How Benefiting From Discrimination Contributes to Inequality
Legally speaking, discrimination involves choosing people for a job (or other opportunity) based on a protected class or identity—for instance sex, race, or age. Ample research has shown that discrimination creates inequality by holding some back while lifting others up. That is—discrimination happens both via disfavoring or favoring one group. And these two processes are yoked. When Juan gets selected due to his sex, or when Alejandra gets rejected due to her sex, Juan gets the job in either case. However, when we talk about discrimination, we seem to mostly talk about the victims (those who get rejected due to their identity), rather than those who are benefitting from it (those who get selected due to their identity).
Why Do We See The Victims More Than The Beneficiaries?
We asked people to describe an unfair hiring experience and to define discrimination. In both cases, we found that people are much more likely to think about disfavoring examples and definitions—emphasizing rejecting someone due to their identity. This means people neglected to consider the beneficiaries or favoring side of discrimination.
Then, we conducted several experiments. In each study, people read about a hiring decision that came down to two candidates, Alex (who came from an advantaged group, such identifying as male, or White, or straight) and Taylor (who came from a marginalized group, such as identifying as female, or a person of color, or LGBT). For half of the participants, the decision was framed in terms of disfavoring—one candidate was rejected due to their specific identity. The other half read the same hiring decision, but framed in terms of favoring—one candidate was selected due to their identity. In the end, whether due to disfavoring Taylor or favoring Alex, Alex always got the job. We used a wide variety of hiring decision details, including gender, race, sexual orientation, age, and even alma mater or favorite sports team. In another study, we also used hiring decisions that came from U.S. Supreme Court cases about discrimination. Across all of these different variations, people consistently saw the favoring-framed hiring decision as more fair and less discriminatory, compared to the disfavoring-framed decision. Even experts—such as lawyers and hiring managers—were less likely to recognize favoring-framed discrimination as discrimination.
How To Fix This?
Next, we set about trying to fix this lack of recognition. We found that the reason people, even experts, tend to discount favoring discrimination is because it changes how they see the decision-maker’s intentions. When the boss favors someone—even for an illegal reason, like due to their protected identity—people still see the boss as having positive intentions or trying to be helpful. When the boss disfavors someone, people are more likely to see this as reflecting negative intentions. Despite the fact favoring Alex and disfavoring Taylor lead to the same discrimination outcome, people feel like the presumed intentions difference makes favoring less discriminatory. In this way, beneficiaries of discrimination may go relatively unnoticed. In fact, we find that this perception of positive intentions even leads people to be less likely to want to report favoring-based discrimination to authorities and less likely to support litigation against the decision-maker.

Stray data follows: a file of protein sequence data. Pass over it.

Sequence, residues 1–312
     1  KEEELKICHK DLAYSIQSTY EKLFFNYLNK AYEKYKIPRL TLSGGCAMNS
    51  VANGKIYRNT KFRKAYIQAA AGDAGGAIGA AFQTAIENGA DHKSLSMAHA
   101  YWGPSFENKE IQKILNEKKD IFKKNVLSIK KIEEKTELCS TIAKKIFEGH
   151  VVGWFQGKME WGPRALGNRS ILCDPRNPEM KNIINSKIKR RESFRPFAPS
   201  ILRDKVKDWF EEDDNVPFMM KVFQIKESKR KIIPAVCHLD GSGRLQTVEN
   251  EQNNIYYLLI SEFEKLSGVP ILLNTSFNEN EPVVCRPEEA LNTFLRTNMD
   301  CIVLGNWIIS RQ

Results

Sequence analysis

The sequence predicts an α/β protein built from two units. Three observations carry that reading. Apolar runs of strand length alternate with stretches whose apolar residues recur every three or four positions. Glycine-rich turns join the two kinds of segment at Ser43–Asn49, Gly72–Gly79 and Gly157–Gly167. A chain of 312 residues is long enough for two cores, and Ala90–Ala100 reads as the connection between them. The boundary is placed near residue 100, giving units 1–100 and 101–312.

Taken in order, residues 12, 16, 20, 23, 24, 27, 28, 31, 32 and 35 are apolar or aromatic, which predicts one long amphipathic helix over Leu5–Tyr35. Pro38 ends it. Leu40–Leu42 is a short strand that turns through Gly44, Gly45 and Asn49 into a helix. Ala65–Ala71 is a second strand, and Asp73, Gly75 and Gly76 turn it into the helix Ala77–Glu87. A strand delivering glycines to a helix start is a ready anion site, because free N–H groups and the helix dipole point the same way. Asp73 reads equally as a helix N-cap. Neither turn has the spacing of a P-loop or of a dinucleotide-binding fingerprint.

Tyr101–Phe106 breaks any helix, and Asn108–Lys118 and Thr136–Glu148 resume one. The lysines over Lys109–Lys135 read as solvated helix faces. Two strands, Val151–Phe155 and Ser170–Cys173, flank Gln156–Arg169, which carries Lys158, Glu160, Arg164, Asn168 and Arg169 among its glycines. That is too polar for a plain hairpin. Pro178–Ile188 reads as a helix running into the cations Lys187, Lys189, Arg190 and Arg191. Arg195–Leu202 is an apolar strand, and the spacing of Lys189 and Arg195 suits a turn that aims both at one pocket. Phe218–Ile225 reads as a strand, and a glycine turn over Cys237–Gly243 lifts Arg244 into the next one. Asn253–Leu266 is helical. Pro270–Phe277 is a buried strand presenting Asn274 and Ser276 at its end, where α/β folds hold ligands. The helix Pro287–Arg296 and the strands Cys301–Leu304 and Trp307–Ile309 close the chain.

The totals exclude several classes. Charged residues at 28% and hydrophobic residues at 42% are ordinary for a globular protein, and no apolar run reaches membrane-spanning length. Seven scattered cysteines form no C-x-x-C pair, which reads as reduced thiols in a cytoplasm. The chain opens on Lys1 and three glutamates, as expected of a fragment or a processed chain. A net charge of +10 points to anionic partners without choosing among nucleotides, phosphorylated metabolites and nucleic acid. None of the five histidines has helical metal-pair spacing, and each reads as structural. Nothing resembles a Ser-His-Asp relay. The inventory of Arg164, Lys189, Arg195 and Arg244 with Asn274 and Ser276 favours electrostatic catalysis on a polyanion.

This is a very sticky problem—it’s hard to get people to separate their beliefs about positive intentions from their assessment of discrimination. Even when we ask people who saw the favoring type of discrimination to really focus on the harm caused to the victim or to take the rejected candidate’s perspective, people still see favoring as positively intended, and thus as less discriminatory. If we instead highlight that the decision maker had selfish ulterior motives (such as favoring someone because they wanted to get a favor in return), this starts to make people more suspicious of the intentions, and more likely to notice favoring as discriminatory.
Discrimination does not just produce victims, but also beneficiaries. Although this is obvious, what’s not so obvious is people’s tendency not to see this equivalence for what it is.
For Further Reading
Phillips, L. T., & Jun, S. (2021). Why benefiting from discrimination is less recognized as discrimination. Journal of Personality and Social Psychology.
L. Taylor Phillips is an Assistant Professor of Management & Organizations at New York University Stern School of Business. She studies beliefs about inequity, especially how people think about privilege and advantage.
Sora Jun is an Assistant Professor of Organizations at University of Texas, Dallas Jindal School of Management. She studies beliefs about racial hierarchies, particularly those involving multiple groups.